faithful few who, by their sacrifices in the school room and on
the public platform, kept the doors of Howard open for the black
youth of this land, who with little or no money sought a higher
3 (Continued on page 6) J
Office: 920 U St., N.W.
Washington’s Best
Advertising Medium.
NATL ASS’N OF
WAGE EARNERS
INCORPORATED
Many Women of National
Reputation Connected
with Organization
The National Association of Wage
Earners, who, as announced in last
week’s Tribune, purchased a home at
12th and Rhode Island Avenue, North
west, was this week incorporated un
der the laws of the District of Col
umbia. The articles of incorporation
were drawn by Attorney Chas. S. Hill
of 611 F Street, Northwest.
The organization is the only one of
its kind in America; its incorporators
hav^ high hopes of making it one of
the strongest labor organizations in
existence. Already it boasts of a
large membership in and around the
District and has accomplished much
good in bettering local working con
ditions among women.
The object of the Wage Earners or
ganization will be according to their
articles of incorporation, to develop
and encourage efficient workers; to
assist women in finding the work for
which they seem best qualified; to
elevate the migrant class of workers
and incorporate them permanently in
service of some kind; to standardize
living conditions; to secure a wage
that will enable women to live decent
ly; to assemble the grievances of em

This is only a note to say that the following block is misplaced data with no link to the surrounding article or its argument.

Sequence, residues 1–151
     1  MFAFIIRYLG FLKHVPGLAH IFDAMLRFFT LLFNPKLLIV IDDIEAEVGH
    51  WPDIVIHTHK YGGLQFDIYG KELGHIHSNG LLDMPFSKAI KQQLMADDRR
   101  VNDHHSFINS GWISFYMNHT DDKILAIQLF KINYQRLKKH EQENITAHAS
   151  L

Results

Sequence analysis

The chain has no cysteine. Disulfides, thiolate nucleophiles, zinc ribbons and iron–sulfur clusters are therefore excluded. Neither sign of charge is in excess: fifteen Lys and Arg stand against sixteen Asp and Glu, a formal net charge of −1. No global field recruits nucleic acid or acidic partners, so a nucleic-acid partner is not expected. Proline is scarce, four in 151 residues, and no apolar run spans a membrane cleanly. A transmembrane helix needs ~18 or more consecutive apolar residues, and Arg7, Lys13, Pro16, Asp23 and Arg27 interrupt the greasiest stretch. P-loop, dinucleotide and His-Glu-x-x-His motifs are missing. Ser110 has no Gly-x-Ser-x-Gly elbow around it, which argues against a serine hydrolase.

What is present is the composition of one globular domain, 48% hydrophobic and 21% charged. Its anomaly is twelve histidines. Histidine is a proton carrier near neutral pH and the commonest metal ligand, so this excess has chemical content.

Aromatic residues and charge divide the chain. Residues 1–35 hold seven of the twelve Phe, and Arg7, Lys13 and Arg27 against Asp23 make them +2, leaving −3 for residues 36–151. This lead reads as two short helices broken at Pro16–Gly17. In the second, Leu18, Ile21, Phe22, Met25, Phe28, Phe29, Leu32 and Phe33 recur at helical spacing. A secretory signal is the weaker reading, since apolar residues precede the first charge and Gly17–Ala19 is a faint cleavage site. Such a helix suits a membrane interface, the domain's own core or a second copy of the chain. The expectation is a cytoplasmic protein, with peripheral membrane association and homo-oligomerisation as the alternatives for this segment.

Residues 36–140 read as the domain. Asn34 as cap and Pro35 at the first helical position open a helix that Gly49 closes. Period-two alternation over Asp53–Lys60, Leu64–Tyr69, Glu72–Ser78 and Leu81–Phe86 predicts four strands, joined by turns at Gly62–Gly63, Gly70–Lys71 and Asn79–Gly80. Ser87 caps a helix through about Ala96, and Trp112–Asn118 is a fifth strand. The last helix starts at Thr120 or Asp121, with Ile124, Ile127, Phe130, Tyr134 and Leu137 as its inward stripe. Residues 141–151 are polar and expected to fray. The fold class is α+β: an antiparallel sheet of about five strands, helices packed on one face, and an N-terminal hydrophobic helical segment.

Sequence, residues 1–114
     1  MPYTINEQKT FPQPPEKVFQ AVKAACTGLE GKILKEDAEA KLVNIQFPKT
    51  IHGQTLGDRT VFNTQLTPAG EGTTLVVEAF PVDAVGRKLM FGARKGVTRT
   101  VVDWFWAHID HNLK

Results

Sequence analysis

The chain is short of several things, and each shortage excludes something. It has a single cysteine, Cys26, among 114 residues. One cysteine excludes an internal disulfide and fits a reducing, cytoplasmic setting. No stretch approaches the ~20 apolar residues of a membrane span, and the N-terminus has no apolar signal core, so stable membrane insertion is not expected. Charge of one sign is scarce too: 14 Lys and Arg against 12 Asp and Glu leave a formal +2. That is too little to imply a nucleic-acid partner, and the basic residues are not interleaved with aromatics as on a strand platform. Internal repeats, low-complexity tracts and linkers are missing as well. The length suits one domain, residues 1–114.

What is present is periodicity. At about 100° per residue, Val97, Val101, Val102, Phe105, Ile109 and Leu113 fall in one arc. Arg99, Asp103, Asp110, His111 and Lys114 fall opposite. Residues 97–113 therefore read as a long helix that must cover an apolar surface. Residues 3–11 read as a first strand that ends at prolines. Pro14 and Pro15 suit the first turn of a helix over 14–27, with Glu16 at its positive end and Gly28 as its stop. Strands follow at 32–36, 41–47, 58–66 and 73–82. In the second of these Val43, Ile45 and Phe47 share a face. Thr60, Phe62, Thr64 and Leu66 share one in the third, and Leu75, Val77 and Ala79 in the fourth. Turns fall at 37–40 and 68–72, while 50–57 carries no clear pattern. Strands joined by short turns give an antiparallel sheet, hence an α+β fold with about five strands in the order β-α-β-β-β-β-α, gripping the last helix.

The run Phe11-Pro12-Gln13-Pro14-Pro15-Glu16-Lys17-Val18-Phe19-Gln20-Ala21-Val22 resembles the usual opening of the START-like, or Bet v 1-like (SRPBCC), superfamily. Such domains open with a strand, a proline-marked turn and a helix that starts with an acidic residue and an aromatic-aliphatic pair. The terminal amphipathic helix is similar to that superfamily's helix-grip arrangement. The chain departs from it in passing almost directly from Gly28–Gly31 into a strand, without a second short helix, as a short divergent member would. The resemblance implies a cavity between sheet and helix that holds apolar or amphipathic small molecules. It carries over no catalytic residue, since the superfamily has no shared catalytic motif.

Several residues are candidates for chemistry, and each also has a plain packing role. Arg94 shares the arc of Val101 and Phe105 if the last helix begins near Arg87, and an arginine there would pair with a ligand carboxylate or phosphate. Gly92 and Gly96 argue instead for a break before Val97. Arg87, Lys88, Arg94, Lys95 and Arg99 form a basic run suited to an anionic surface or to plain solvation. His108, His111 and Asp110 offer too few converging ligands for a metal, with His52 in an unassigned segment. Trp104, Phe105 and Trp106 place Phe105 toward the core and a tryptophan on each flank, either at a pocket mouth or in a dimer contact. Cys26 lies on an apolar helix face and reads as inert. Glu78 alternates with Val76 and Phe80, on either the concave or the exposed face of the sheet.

ployers and employees into a set of
common demands, and strive mutually
make and ,supply appropriate um
forms for working women; and to in-,
fluence just legislation affecting worn
en wage earners; to grant certificates
of memberships to kindred branches
affiliated with this association.
The headquarters of the organiza
tion will la- Washington; branches
will .be established throughout the
(Continued on page 6)
Women’s Business
League to give
Carnival
The Carnival to be held at the
Metropolitan A. M. E. Church under
the supervision of the Women’s Busi
ness League promises to be one of the
greatest events of the season. The
Business Carnival begins March 23rd
with sermons from the pulpits of the
various churches throughout the city.
Monday, March 24th, will be spent
in getting the booths ready for the
formal opening. Tuesday, March 25th
will be ministers' night. Wednesday
March 26th will be business mens
night. Thursday, March 27th will be
business women’s night. A most elab
orate program is being prepares!
Friday, March 28th will be boys and
girls’ night, at which time some ot
our best musical talent will be heard
from the youth of the city.
Joseph* Branson will be in charge
of the music for the Carnival.
The Fearing Brothers wjll feature
the radio. Each evening radio con
certs will be heard from their booth
as well as there will be other electrical
attractions.
Among some of the other business
enterprises that will be represented
are: The Rid Cab Taxi Service, The
Black Cab Taxi Service, and others
have been invited. Harrison -and
Brooks will feature their special fee
cream. Mrs. Lucile Warren (milli
nery); Madam Blonche( millinery);
Mr. Lenard Hyman (photography);
Mr. Crosby {photography); Marshall
Brothers (florists); H. E. L-'* l "
(coal); Graves (delicacies); Madam.
Peterson (lingerie); Misses Gretchen
Mcßae and Ella Lynch I periodicals
and literature); Johnson's umbrella
factory W. L. Smith (manufacturing
druggist); James T. Blue Chemical
[Company; Mrs. Lucy Lassiter I poul
try); Maxwell’s Book Store. Chisley
(florist); Druggist’s Association;
James Brown (printing). All busi
ness enterprises are invited to partici
pate. Watch the announcemetns in
yur weekly papers.
Price 5 Cents